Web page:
The goods Hawkins sold included English cloth and manufactures, but principally were Negro slaves. The Spanish colonies were clamoring for slave labor, and Hawkins was determined to seize the opportunity for profit regardless of the commodity. On this voyage he had brought 450 men, women, and children from the coast of West Africa. Most had survived the eight-week crossing, and he had obtained good prices for them. With 29,743 gold pesos plus quantities of silver and pearls in hand, he was anxious to sail clear of the Caribbean before the season of great storms set in.
Serving as a captain under Hawkins was Francis Drake. In his midtwenties, Drake had already spent half his life in the seagoing profession. When he reached the age of twelve or thirteen his father had arranged for him to apprentice under the old captain of a small bark plying the coastal trade between England, France, and the Low Countries, or Netherlands, and Drake had learned to read current, wind, and tide, and to handle a ship in all weather on those treacherous coasts. Then at age twenty he had gone into the service of his wealthy ship-owning kin, the Hawkins brothers of Plymouth, and this was his third voyage to the Caribbean in their employ. His skill in directing men, and the alacrity with which he performed his duties, had marked him for advancement, and on the present voyage John Hawkins had given him command of the fifty-ton bark Judith when they departed Africa.
On August 12 Hawkins's fleet rounded the western cape of Cuba into the Strait of Florida. At eight o'clock in the morning, as they did every day, the crew of each ship assembled around their mainmast for the daily religious service. Removing their caps and kneeling on the deck, they recited the Psalms, the Lord's Prayer, and the new Creed in English, and then one of the ship's officers delivered the sermon. On the Judith it probably was Drake himself who did so, for like his father he had become a fervent preacher of the Protestant faith. After the service the men began to reduce sail, as the wind had stiffened noticeably. Normally, they would have gathered again for the evening service, but as the day wore on the velocity of the wind grew steadily, and by late afternoon they were engulfed in a violent storm.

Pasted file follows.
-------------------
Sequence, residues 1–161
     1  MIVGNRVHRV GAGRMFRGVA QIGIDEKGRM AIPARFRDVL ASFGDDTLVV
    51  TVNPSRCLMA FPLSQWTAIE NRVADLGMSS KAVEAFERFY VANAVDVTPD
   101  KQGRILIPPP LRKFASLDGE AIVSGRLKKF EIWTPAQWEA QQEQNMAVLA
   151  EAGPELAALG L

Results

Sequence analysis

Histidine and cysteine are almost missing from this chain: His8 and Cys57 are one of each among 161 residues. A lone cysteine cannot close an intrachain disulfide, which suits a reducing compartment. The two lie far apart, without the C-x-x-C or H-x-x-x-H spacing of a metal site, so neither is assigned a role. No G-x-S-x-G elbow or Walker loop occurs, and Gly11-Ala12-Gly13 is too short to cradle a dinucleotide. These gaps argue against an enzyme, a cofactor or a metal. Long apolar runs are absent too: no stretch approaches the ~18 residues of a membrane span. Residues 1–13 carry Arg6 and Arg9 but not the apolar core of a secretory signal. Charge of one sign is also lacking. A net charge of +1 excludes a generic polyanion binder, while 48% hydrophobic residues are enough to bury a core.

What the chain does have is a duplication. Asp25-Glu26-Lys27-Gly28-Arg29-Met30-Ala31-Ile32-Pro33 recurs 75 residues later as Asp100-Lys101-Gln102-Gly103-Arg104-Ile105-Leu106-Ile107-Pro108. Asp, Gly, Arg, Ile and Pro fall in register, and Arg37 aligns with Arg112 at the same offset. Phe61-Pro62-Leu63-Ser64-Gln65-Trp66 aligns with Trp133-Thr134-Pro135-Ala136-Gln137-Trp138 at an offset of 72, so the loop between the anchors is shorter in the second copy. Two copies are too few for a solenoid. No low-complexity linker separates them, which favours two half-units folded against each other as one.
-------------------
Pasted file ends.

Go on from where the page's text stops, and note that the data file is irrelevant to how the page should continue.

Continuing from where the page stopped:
As the tempest grew in intensity, Hawkins signaled his ships to turn and run before the wind. Soon afterward the bark William and John disappeared from sight. Through the night and the next day Hawkins and his crew were driven northward until they found themselves off the west coast of Florida. In the pounding seas the Jesus's seams began to open up, so much so that when men were sent below to plug the leaks they found fish swimming in her ballast. Hawkins searched in vain for a sheltered anchorage. After four days the wind subsided, but the calm lasted for only a day: No sooner had Hawkins begun to assess the damage to his ships than another powerful storm struck, this time from the northeast. Over the next four days they were driven continually to the southwest, and when this storm finally abated they were far into the Gulf of Mexico, where no English ship had been before.